Scott Walker’s leadership style during his time as governor is an interesting contrast to Obama’s. When Walker was elected governor of Wisconsin, there was a gaping state budget deficit. He decided, quite rightly, that the only way to address this challenge was to face down the public-sector unions. To say this was a controversial decision would be an understatement. It rallied nationwide resistance against Walker from organized labor and liberal Democrats, including a 2012 recall election. Yet in spite of the most outrageous attacks, he stuck to his guns. The outcome was that he won the recall election, brought Wisconsin’s budget under control, and then won reelection in 2014. These dramatically successful struggles may not have been about foreign policy, but they do reveal qualities of leadership that are entirely relevant to being president, and that Obama has never demonstrated. These leadership qualities include:
• Do what you say you’re going to do. For some reason, this is viewed as exceptional in Washington, D.C. In the country’s heartland, it is simply expected.
• If you draw a red line, enforce it. If you don’t intend to enforce it, don’t draw it in the first place.
• Actually work to solve problems. Do not simply give speeches and then walk away.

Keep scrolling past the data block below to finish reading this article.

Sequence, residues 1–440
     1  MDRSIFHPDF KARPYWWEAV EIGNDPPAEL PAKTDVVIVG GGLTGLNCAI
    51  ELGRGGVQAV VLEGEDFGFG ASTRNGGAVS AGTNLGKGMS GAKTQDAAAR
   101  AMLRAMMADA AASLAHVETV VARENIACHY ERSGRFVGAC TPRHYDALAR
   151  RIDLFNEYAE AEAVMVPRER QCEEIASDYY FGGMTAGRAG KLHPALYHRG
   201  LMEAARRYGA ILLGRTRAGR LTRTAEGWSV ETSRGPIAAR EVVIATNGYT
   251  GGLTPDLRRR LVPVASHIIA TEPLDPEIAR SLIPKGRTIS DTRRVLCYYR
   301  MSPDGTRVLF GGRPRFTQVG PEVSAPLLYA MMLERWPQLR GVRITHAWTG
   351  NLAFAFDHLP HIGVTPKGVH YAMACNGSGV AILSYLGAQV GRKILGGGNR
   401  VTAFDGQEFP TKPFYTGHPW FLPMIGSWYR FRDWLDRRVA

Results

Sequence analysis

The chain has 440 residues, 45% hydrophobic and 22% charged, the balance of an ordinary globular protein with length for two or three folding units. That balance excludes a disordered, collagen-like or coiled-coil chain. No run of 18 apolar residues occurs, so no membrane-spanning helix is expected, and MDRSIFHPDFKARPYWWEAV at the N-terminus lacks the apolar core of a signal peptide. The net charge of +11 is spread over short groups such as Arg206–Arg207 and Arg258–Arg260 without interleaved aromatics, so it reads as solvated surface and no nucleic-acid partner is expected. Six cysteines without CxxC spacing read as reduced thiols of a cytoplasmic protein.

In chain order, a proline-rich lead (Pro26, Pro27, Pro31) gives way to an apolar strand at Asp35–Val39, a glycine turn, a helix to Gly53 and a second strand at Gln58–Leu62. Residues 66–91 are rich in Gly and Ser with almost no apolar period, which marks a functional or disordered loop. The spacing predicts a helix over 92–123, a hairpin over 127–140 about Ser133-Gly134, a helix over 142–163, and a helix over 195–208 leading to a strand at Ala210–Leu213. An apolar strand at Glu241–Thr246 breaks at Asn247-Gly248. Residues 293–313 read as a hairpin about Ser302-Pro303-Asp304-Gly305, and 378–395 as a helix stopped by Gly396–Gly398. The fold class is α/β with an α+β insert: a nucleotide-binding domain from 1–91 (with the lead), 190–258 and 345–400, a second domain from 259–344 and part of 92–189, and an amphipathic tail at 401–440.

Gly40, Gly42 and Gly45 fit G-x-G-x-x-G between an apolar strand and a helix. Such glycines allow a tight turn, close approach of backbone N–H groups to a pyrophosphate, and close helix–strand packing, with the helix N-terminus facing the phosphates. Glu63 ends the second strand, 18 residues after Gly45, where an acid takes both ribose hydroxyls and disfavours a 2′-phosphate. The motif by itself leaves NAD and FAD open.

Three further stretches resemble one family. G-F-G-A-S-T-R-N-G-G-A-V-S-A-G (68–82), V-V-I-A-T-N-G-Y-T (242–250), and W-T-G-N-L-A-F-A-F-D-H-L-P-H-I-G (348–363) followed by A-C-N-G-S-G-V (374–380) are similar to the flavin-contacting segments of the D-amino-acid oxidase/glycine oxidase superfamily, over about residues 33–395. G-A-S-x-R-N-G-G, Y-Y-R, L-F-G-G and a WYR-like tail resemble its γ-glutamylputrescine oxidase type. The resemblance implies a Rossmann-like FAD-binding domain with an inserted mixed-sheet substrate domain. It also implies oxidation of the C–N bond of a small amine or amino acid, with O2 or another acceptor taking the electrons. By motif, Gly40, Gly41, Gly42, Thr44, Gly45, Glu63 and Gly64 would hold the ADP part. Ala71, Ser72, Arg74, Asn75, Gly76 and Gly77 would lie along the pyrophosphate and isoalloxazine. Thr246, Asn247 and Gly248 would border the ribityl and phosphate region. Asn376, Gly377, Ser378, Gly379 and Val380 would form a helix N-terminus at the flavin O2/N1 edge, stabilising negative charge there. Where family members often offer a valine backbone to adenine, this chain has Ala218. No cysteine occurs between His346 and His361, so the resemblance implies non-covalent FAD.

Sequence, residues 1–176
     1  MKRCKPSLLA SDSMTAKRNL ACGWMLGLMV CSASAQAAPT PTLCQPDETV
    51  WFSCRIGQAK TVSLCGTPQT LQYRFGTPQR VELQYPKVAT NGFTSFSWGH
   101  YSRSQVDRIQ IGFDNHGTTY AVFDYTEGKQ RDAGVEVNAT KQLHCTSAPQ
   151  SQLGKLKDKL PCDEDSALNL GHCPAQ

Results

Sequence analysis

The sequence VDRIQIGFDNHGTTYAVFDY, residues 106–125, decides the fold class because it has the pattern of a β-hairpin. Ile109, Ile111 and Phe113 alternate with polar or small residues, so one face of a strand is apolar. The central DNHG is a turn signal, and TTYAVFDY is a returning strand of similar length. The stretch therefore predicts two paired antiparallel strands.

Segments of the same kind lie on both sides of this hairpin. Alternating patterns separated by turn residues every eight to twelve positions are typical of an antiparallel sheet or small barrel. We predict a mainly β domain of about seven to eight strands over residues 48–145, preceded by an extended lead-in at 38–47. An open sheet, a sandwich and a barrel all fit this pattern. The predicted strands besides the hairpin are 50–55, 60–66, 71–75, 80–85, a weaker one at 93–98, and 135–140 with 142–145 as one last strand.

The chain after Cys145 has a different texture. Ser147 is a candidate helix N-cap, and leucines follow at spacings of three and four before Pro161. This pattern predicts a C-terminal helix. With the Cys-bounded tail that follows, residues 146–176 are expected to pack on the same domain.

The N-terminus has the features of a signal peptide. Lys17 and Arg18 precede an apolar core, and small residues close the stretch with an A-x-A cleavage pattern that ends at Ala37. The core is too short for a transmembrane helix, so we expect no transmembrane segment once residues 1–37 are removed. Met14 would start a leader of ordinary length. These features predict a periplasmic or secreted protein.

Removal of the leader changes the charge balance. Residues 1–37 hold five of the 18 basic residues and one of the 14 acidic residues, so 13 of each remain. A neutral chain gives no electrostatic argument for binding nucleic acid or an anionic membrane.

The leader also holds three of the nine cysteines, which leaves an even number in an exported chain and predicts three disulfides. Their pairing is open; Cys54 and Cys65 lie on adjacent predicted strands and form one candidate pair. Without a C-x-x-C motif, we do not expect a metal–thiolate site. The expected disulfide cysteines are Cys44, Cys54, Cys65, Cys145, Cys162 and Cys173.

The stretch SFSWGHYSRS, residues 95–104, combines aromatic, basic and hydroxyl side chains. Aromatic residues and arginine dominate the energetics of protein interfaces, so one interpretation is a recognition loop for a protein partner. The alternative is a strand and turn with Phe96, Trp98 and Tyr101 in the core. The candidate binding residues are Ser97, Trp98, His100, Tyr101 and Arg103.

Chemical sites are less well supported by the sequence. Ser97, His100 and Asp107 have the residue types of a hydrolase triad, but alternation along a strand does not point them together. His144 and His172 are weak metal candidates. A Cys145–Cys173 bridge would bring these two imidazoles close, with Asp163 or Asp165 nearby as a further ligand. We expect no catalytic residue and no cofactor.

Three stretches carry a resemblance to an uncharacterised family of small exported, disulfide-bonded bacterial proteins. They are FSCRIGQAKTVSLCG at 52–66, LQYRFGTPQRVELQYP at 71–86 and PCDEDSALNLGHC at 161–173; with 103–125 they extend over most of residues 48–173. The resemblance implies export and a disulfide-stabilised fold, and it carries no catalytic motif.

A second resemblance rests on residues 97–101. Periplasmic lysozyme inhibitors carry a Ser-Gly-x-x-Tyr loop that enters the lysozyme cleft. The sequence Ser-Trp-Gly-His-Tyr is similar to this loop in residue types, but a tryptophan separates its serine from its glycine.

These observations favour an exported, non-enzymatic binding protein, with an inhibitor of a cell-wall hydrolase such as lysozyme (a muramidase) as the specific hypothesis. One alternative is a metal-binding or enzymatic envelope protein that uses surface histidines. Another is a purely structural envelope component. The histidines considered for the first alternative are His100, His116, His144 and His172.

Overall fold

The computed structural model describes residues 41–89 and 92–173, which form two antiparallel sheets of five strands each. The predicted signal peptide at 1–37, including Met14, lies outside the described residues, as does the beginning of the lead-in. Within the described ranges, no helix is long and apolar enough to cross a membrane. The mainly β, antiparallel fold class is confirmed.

• Don’t lead from behind. Just lead. If and when you achieve results, people in the middle will recognize and reward your success.
• Understand that the practical test of an effective policy is not whether it fits the good intentions of liberals, but whether it works on the ground.
In his own Midwestern way, tough but low-key, Walker has demonstrated all of the above traits during his years as governor. Obama, on the other hand, has now had years of foreign-policy briefings from a tremendous variety of experts, but has never demonstrated these same essential qualities. It’s not for lack of information. It’s because he simply does not possess some of the key leadership attributes necessary to be an effective foreign-policy president. Combine this with his myopic defense of liberal assumptions regarding international affairs, and you have a recipe for disaster.
All of which is to say: When it comes to foreign-policy leadership, maybe it’s the president who needs to bone up.
— Colin Dueck is an associate professor in the School of Policy, Government, and International Affairs at George Mason University, and the author of The Obama Doctrine: American Grand Strategy Today (Oxford University Press, 2015).